Hank Bohanon | Sep 21, 2020 | 0
School Social Workers: Building Bridges for Collective Progress During a Pandemic
Authors: Lisa Baker, Carlos A. Evans Jr., Laura Montiel, Nancy Watson
Serving as a school social worker during a pandemic is not an easy task. What makes it more challenging is trying to serve on an island or without peer support. Not a literal island, of course, but rather in a circumstance where you have limited peers to learn from and to share ideas. As school social workers and members of the school social work network (SSWN), we chose to work collaboratively to lead a Professional Learning Community (PLC) throughout the summer.
Getting Acquainted and Charting the PLC Focus
Our PLC was organized as a closed group that met virtually once a month using Zoom. Members of the PLC were recruited by Dr. Michael Kelly, professor of social work at Loyola University, through the school social work network platform. Dr. Kelly provided three prompts to address over the course of our (3) PLC meetings. The PLC experience was incredibly useful, and the topics we focused on are related to key issues school social workers across the nation are facing. The three prompts were:
● As a school social worker/counselor how did you cope during this crisis (learning others’ self-care strategies)
● What is a new technique/tool/skill you learned as a result of practicing during this crisis?
● What are you doing with your school team to get your school “ready” to re-open (specifically looking at infusing SEL and trauma-informed practices into your school’s re-opening strategy, whenever that is)
Throughout this piece, we will share key takeaways from each PLC meeting. We will also share the results of a four-question survey that we sent to all 13 PLC participants. The purpose of the survey was to gain feedback from PLC attendees so that as leaders, we understand what was successful and how we can improve the overall experience in the future. We will conclude with a message encouraging more collaboration among school social workers as we navigate this ‘new normal’ of providing education and services to students and their families from hybrid and/or digital platforms.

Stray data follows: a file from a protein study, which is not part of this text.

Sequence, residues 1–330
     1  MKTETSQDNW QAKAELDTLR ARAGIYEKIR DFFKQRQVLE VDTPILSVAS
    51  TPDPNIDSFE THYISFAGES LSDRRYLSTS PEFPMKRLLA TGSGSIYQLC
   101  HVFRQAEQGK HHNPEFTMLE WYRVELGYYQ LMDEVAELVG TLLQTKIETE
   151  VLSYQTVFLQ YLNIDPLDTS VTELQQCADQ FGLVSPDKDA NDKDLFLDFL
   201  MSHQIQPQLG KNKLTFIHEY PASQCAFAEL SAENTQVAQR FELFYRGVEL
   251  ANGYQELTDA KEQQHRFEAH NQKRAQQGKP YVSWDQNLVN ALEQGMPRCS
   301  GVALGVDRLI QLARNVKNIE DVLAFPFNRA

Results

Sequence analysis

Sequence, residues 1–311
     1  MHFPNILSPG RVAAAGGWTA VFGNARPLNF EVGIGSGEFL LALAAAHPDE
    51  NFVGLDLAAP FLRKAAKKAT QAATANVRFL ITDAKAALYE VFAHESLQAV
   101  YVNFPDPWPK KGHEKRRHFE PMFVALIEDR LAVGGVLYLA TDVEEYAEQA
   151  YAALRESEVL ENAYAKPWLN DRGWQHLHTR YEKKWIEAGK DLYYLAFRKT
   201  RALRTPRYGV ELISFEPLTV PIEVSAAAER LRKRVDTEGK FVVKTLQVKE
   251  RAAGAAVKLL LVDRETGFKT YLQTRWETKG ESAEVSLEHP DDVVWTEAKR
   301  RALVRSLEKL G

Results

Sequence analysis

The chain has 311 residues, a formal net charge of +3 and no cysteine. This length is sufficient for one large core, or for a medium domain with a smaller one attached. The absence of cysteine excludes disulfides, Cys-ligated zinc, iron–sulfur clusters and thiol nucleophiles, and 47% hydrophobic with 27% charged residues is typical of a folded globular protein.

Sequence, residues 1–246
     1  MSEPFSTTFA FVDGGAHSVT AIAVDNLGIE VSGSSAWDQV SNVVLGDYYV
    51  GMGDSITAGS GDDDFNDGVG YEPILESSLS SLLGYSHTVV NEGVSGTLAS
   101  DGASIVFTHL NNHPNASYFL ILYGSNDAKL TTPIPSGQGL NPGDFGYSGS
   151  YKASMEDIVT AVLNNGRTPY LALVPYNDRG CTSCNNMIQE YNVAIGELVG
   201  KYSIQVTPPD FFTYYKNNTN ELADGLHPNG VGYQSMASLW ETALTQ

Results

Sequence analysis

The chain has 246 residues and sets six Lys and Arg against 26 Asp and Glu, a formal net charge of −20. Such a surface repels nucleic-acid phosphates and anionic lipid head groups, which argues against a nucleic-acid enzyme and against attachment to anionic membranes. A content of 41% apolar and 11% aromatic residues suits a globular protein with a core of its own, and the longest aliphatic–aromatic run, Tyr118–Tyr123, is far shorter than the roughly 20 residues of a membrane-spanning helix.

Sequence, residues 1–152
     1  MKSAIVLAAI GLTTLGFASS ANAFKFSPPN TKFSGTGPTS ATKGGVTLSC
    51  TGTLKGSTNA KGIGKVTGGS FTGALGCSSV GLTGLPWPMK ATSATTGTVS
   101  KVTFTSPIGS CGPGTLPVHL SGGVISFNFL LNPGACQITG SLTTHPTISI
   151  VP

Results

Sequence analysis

Adjusting Professionally and Personally Through Covid-19
The initial PLC session centered on how school clinicians were coping during the COVID-19 crisis. Subsequently, we reviewed different e-learning mandates, self-care strategies, and exchanged resources. The opportunity to connect and collaborate with colleagues in our field during this uncertain and ever-evolving time was beyond affirming. Everyone who attended actively participated, and willingly shared the resources they found most useful in navigating new professional terrain.
We discussed how to effectively support students and families experiencing trauma and grief remotely while maintaining confidentiality, leaning on resources like Trauma-informed teaching during COVID. Our discussion about how to support students who could not or would not participate in e-learning solicited resources to facilitate students becoming more engaged, including Flipgrid, screencast-o-matic, Padlet and Classroom Champions.
A running theme throughout our time together was working to strike a balance between our professional responsibilities and work from home personal wellness. Self-care and coping/calming strategies shared by the group included: exercising, writing (Self-care article), or creating a Youtube channel related to self-care (Self-care Staffing). That first meeting brought the sense of community and connection we had been searching for in a time when we were all feeling a bit frazzled and isolated.
New Tools For an Old Job
The PLC broadened the spectrum of tools, techniques, and skills to use during the pandemic. It was great to engage in conversation and learn what group members were doing within their own school districts to effectively reach families and students. One skill discussed was how to navigate the web and find evidenced-based SEL material that engages students. There was an overwhelming amount of organizations offering free resources or free trials for SEL curriculum which made it difficult to decide which curriculum to chose. It was essential to have the opinions and feedback of the group members. During the collaboration, we were able to give each other advice to find out what SEL curriculums we would take a closer look at.
For example, one group member introduced to us the re-opening surveys by Panorama that were being offered to schools free of charge. Other group members shared the Classroom Champions 30-day free trial, and 6-minute SEL lessons. One of our members also shared her Virtual Google Classroom that inspired some of us to go ahead, get out of our comfort zones, and try out that platform.